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Blackwoods Edinburgh Magazine, Volume 59, No. 366, April, 1846   By:

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First Page:

BLACKWOOD'S

EDINBURGH MAGAZINE.

No. CCCLXVI. APRIL, 1846. VOL. LIX.

CONTENTS.

THE MARQUESS WELLESLEY, 385

LETTER TO EUSEBIUS, 408

THE STUDENT OF SALAMANCA. PART VI., 419

HOW THEY MANAGE MATTERS IN "THE MODEL REPUBLIC," 439

ANTONIO PEREZ, 450

RECOLLECTIONS OF A LOVER OF SOCIETY, 463

THE "OLD PLAYER," 473

THE CRUSADES, 475

THE BURDEN OF SION. BY DELTA, 493

RHYMED HEXAMETERS AND PENTAMETERS, 496

THE SURVEYOR'S TALE, 497

EDINBURGH:

WILLIAM BLACKWOOD AND SONS, 45, GEORGE STREET;

AND 37, PATERNOSTER ROW, LONDON.

To whom all Communications (post paid) must be addressed.

SOLD BY ALL THE BOOKSELLERS IN THE UNITED KINGDOM.

PRINTED BY BALLANTYNE AND HUGHES, EDINBURGH.

BLACKWOOD'S

EDINBURGH MAGAZINE.

No. CCCLXVI APRIL, 1846. VOL. LIX

THE MARQUESS WELLESLEY.

The revival of noble recollections, the record of great actions, and the history of memorable times, form one of the highest services which a writer can offer to his country. They mould the national Character, and upon the character depends the greatness of every nation. Why have the mighty kingdoms of the East perished without either general reverence or personal value, but from the absence of Character in their people; while Greece in all its ancient periods, and Rome throughout the days of its republic, are still the objects of classic interest, of general homage, and of generous emulation, among all the nobler spirits of the world? We pass over the records of Oriental empire as we pass over the ruins of their capitals; we find nothing but masses of wreck, unwieldy heaps of what once, perhaps, was symmetry and beauty; fragments of vast piles, which once exhibited the lavish grandeur of the monarch, or the colossal labour of the people; but all now mouldered and melted down. The mass essentially wants the interest of individuality. A nation sleeps below, and the last memorial of its being is a vast but shapeless mound of clay.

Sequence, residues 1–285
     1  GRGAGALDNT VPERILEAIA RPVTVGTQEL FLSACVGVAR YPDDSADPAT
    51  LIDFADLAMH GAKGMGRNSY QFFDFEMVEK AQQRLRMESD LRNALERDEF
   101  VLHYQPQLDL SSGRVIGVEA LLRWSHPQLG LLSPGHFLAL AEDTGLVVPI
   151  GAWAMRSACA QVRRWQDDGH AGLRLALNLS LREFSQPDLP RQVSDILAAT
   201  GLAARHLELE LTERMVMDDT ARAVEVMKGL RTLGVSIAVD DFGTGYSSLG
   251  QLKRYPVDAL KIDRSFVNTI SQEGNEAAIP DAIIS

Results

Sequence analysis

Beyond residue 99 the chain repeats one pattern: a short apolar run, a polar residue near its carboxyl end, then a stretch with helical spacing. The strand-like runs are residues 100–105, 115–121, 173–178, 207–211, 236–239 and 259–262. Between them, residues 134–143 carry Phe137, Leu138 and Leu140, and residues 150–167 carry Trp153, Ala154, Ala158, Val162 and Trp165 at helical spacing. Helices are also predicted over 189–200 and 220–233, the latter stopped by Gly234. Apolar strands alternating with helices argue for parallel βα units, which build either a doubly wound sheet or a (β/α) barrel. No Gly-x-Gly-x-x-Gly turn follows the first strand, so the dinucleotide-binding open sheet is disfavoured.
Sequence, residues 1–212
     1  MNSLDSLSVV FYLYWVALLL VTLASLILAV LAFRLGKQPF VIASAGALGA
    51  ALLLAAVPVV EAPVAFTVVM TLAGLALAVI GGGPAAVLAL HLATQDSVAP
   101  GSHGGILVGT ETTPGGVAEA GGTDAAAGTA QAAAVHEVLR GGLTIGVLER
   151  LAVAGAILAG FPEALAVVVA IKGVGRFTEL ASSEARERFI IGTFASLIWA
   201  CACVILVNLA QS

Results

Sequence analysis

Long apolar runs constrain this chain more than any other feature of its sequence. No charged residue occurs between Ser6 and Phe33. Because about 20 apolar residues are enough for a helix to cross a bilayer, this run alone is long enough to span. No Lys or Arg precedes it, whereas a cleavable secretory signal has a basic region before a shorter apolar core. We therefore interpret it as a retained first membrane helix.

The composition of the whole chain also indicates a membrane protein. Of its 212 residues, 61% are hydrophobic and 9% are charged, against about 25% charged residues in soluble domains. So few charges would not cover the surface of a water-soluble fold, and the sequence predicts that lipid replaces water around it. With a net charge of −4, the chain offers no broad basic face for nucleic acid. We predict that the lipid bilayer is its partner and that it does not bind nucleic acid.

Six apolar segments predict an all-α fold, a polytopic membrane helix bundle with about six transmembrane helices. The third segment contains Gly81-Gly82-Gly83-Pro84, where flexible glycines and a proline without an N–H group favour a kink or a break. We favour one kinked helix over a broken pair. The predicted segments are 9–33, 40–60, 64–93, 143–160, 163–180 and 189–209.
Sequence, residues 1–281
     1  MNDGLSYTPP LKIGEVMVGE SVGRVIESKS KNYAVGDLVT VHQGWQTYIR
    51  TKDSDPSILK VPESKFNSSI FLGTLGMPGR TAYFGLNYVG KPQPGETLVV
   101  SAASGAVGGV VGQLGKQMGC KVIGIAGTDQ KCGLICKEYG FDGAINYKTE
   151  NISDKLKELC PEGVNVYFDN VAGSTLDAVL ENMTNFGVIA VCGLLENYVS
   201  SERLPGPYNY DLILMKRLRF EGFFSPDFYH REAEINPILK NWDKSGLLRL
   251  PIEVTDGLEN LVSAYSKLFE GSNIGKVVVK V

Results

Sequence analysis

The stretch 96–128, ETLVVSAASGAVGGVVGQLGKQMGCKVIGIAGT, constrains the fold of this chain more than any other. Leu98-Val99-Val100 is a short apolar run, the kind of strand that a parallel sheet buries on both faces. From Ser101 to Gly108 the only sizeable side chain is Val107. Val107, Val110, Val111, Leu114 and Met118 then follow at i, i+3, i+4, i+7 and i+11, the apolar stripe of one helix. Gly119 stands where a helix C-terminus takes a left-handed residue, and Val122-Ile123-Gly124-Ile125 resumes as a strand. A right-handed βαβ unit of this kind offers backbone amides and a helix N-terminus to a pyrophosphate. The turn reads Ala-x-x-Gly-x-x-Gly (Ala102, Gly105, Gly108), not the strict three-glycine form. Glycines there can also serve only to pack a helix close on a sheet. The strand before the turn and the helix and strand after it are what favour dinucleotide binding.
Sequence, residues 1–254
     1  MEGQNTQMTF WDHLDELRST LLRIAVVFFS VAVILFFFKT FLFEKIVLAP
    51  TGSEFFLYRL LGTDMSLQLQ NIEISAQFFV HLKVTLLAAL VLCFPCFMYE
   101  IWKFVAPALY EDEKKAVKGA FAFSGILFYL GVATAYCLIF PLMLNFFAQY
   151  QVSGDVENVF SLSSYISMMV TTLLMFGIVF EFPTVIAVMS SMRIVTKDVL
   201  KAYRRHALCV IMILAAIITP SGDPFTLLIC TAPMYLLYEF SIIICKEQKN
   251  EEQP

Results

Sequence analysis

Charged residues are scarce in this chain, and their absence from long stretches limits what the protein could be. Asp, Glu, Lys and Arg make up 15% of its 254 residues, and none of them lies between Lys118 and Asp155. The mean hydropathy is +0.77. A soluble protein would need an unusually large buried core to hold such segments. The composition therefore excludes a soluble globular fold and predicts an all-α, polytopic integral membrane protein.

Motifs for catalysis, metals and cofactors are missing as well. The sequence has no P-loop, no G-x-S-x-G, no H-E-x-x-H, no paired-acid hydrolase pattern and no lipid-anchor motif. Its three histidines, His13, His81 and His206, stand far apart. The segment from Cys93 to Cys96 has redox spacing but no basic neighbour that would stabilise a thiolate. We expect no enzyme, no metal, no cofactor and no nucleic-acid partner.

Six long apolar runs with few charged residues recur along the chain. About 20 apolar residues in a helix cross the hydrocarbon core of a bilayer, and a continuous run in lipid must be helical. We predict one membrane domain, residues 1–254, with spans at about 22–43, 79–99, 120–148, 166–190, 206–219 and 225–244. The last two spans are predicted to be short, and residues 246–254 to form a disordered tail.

Greece, Rome, and England give us that individuality in its full interest. In their annals, we walk through a gallery of portraits; the forms "as they lived," every feature distinct, every attitude preserved, even the slight accidents of costume and circumstance placed before the eye with almost living accuracy. Plutarch's Lives is by far the most important work of ancient literature; from this exhibition of the force, dignity, and energy attainable by human character. No man of intelligence can read its pages without forming a higher conception of the capabilities of human nature; and thus, to a certain extent, kindling in himself a spirit of enterprise.

It is in this sense that we attach a value to every work which gives us the biography of a distinguished public character. Its most imperfect performance at least shows us what is to be done by the vigorous resolution of a vigorous mind; it marks the path by which that mind rose to eminence; and by showing us the difficulties through which its subject was compelled to struggle, and the success by which its gallant perseverance was crowned, at once teaches the young aspirant to struggle with the difficulties of his own career, and cheers him with the prospect of ultimate triumph.

Of the general execution of these volumes, we do not desire to speak. They have been professedly undertaken as a matter of authorship. We cannot discover that the author has had any suggestion on the subject from the family of the late Marquess, nor that he has had access to any documents hitherto reserved from the public... Continue reading book >>


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